This plan garnered no Republican support.
Of the plans for the New Mexico Senate, only one map gained bipartisan support. That was A-1. We support this map for that reason.
This map avoids splitting Hobbs and other southeastern cities but maintains two majority Hispanic districts there. In the northwest, it follows a proposal from the Navajo Nation, maintaining relatively strong Native representation. Elsewhere it makes changes called for by public comment: Edgewood, Chaparral, and the Albuquerque International District are not split between districts, and in Albuquerque north of I-40, the Rio Grande is used as a hard boundary between districts.
In this map, Hobbs and Artesia are split; there are two majority-Hispanic districts in the southeast, based in Hobbs and Roswell. Compared to map A-1, there are various changes in the Las Cruces and Sunland Park areas, and on the west side of Albuquerque, Districts 23 and 26 shift to run more north-south. This map also differs from A-1 and C-1 in the northwest.
Plan C had no votes from the Democrats in the committee.
This map was derived from Concept C by integrating Native American input on the northwest (where it agrees with map A-1).
Plan C-1 had no support from Republicans.
NONE of the three maps for the New Mexico House received any Republican support.
This map differs from the status quo in several ways: The pueblo of Ohkay Owingeh north of Española, is moved (at its request) to a different district. In south-central New Mexico, the Mescalero Apache are placed (at their suggestion) in a district with Ruidoso and the mountain areas of Lincoln County rather than with Alamogordo and Tularosa.
The map also adjusts a number of boundaries in the southeast, to try to maintain as many of the current majority-Hispanic districts as feasible, but this goal is complicated by a probable undercount of Hispanics in the 2020 census. And other district boundaries are changed to accommodate public comment on communities of interest which should not be split among districts. The map also reflects input from the New Mexico Acequia Association.
In most of the state, this map tries to retain the status quo with minor adjustments. Some changes are made to align it with the ‘Pueblo consensus’ map of the northwest.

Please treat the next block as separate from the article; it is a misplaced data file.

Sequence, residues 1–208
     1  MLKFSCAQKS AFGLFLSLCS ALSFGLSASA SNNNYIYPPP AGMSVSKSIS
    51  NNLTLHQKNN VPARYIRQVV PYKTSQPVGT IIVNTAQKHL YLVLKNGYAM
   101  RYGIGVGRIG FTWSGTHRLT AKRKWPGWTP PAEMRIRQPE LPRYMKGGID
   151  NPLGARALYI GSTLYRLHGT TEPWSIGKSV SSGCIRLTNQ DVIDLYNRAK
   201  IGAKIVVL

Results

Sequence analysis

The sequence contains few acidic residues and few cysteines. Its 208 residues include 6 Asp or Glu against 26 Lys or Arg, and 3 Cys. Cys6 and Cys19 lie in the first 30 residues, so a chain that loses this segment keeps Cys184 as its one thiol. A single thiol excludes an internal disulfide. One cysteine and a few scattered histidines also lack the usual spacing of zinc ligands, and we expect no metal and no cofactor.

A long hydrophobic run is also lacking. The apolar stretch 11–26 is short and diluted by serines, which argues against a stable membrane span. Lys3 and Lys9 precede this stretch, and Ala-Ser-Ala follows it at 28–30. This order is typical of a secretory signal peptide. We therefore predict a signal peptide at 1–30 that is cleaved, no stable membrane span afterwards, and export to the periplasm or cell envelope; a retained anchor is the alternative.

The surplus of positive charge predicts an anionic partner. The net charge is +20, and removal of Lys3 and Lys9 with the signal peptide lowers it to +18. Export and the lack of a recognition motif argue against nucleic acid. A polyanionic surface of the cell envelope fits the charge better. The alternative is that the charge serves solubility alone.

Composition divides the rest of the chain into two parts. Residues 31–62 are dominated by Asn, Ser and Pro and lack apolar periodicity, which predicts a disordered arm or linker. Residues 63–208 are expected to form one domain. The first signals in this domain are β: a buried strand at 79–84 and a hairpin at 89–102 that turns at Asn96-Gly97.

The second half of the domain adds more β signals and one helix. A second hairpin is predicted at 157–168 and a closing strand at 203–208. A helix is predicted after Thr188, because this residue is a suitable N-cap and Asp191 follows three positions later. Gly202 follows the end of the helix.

Like concept I-1, this map follows the status quo (with adjustments) in most of the state. In the northwest, it follows input from the Navajo Nation.
All plans adopted for the Public Education Commission had broad support. Concept C had one abstention. The rest were passed unanimously.
The committee was created by Senate Bill 304, in the 2021 legislative session, to prepare new maps, using data from the 2020 federal census. The committee’s task is to gather public input and submit maps to the state Legislature for final action.
The committee consists of some Democrats, some Republicans, and some members affiliated with neither party. Recommendations from the New Mexico First Redistricting Task Force, which preceded creation of the committee, included using model legislation that would have required bipartisan support. Such bipartisan support is required in California and Michigan.
Learn more about the maps and the committee at New Mexico Citizen Redistricting Committee.
The Legislature can simply adopt one of the plans forwarded by the committee, but it is not obligated to do so. Instead, it can adjust the maps or start from scratch. The special session for redistricting is planned for December.
Many local jurisdictions also need to be redistricted. For example, Bernalillo County has also started its process. You can learn more at Bernalillo County Redistricting.
Bottom Line — What to Tell Your Legislators
Adelante has taken no formal position on any of these maps.
But we think the legislature should adopt the plans with bipartisan support.
And you can and should contact your legislators on your own behalf, and urge them to adopt the maps you prefer. If you don’t have a preference, urge them to adopt one of the maps submitted to the legislature by the Citizen Redistricting Committee, preferably one with bipartisan support, rather than replacing them with a map drawn by the Legislature.
The voters should choose their legislators, not the other way around.
— Maurreen Skowran and Michael Sperberg-McQueen